Pain 108:180-91. 2004
    ..As a variety of immune cells also produce and release sPLA2s during inflammatory states, the data may have general implications for the understanding of inflammatory pain...
  2. ncbi request reprint Immune-to-brain communication dynamically modulates pain: physiological and pathological consequences
    Julie Wieseler-Frank
    Department of Psychology and Center for Neuroscience, University of Colorado at Boulder, Boulder, CO 80309 0345, USA
    Brain Behav Immun 19:104-11. 2005
    ....
  3. ncbi request reprint Central proinflammatory cytokines and pain enhancement
    Julie Wieseler-Frank
    Department of Psychology and Center for Neuroscience, University of Colorado at Boulder, CO 80309 0345, USA
    Neurosignals 14:166-74. 2005
    ..Gene therapy to augment the endogenous anti-inflammatory cytokine, interleukin-10, is one of the more promising therapies currently under study...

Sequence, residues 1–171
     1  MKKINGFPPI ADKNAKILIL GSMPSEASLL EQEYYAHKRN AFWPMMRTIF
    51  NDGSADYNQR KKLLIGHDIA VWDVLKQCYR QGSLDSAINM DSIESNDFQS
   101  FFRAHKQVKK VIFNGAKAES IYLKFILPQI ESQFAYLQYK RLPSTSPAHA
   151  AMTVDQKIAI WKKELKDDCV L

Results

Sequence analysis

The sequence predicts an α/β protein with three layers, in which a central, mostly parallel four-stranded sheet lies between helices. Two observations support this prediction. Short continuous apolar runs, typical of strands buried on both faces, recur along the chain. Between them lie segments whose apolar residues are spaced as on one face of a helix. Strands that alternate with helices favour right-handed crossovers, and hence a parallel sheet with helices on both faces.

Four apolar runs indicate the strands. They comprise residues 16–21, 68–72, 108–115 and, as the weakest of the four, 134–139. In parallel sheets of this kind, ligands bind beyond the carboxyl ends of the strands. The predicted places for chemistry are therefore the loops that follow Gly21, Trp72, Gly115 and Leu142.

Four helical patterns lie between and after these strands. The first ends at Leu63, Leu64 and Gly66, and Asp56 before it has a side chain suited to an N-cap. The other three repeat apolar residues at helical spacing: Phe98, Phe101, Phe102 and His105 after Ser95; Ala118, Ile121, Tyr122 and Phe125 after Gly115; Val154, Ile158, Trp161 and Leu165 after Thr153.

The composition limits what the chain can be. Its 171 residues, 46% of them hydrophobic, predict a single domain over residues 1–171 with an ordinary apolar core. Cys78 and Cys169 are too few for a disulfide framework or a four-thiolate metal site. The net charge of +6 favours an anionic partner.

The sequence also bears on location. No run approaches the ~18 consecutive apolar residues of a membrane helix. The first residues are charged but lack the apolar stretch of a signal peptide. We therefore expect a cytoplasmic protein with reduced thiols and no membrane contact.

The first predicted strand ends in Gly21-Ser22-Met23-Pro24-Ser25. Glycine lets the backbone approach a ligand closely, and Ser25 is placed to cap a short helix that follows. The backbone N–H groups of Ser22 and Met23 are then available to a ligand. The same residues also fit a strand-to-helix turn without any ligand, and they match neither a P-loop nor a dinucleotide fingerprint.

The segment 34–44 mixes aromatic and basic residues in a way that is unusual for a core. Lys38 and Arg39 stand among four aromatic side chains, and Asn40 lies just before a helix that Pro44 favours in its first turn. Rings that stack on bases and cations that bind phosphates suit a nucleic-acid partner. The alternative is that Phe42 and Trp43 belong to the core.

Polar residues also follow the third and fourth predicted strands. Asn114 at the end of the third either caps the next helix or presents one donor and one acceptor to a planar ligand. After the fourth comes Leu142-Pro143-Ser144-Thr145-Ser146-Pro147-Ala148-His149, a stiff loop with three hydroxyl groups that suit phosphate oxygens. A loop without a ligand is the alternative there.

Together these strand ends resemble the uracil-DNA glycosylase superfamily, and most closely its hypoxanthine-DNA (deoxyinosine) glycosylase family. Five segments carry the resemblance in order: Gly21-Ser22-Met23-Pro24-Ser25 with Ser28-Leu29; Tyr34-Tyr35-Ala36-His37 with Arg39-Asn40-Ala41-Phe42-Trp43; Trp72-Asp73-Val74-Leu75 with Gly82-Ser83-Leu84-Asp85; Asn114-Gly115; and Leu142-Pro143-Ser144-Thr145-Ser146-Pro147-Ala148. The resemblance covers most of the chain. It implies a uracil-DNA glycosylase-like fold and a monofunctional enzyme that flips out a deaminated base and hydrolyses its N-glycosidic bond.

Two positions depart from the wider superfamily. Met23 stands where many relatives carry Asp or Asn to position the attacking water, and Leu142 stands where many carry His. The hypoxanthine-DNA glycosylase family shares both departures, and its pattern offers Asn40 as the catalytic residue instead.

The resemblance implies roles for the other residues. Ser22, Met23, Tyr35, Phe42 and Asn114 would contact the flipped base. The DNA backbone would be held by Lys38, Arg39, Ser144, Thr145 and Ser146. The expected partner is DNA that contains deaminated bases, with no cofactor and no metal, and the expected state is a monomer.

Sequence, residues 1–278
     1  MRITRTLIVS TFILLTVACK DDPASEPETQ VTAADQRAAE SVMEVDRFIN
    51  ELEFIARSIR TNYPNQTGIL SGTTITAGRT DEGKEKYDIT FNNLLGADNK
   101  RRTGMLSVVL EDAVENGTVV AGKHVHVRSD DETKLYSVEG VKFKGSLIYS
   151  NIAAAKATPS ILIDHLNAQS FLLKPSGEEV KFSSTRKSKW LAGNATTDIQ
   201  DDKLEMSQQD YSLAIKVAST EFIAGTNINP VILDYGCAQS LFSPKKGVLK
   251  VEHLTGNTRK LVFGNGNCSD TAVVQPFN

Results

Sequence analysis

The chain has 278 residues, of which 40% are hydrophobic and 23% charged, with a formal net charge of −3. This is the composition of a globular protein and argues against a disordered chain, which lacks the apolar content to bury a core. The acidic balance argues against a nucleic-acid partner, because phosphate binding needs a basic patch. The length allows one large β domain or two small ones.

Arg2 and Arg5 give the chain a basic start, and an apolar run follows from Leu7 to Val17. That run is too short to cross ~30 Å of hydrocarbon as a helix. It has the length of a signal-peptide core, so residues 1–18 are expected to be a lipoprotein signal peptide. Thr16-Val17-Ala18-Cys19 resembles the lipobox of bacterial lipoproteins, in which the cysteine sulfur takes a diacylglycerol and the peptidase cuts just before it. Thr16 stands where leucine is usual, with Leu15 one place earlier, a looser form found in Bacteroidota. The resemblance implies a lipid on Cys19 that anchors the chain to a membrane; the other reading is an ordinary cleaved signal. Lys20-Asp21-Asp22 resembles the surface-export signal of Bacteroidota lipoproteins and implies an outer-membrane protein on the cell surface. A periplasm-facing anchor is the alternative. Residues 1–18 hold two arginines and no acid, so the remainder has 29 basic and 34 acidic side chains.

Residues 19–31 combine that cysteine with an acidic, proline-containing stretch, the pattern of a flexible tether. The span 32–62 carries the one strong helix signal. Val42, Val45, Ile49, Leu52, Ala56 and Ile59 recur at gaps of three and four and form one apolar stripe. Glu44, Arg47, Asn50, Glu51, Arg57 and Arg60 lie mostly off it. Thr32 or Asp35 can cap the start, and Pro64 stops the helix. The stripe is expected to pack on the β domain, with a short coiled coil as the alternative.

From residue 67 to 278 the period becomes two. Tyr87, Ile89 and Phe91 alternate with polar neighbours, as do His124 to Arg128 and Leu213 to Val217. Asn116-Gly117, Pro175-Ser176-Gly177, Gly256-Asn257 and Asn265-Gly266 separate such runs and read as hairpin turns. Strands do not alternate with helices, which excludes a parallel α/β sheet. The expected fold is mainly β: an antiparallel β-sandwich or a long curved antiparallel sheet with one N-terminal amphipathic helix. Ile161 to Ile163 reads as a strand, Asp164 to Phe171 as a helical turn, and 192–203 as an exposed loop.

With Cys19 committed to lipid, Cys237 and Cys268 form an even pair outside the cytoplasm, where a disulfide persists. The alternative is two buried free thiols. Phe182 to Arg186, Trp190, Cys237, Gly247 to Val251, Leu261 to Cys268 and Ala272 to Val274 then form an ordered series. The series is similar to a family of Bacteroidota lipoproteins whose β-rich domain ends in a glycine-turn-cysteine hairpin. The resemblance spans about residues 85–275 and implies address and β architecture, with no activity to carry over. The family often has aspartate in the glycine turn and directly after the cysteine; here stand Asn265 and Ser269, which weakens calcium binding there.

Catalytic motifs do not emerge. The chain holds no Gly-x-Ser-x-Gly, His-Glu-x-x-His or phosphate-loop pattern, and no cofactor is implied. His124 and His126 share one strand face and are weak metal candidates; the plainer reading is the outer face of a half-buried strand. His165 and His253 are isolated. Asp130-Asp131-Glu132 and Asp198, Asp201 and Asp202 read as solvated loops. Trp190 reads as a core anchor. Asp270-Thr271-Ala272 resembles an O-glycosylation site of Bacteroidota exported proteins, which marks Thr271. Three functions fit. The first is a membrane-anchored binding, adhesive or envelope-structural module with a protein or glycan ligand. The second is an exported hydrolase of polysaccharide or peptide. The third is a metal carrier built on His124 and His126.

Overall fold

4. pmc Controlling neuropathic pain by adeno-associated virus driven production of the anti-inflammatory cytokine, interleukin-10
    Erin D Milligan
    Department of Psychology and the Center for Neuroscience, University of CO at Boulder, Boulder, CO 80309 USA
    Mol Pain 1:9. 2005
    ..Taken together, these data provide initial support that intrathecal gene therapy to drive the production of IL-10 may prove to be an efficacious treatment for neuropathic pain...
  5. ncbi request reprint Glial activation and pathological pain
    Julie Wieseler-Frank
    Department of Psychology, Center for Neuroscience, University of Colorado at Boulder, Boulder, CO 80309 0345, USA
    Neurochem Int 45:389-95. 2004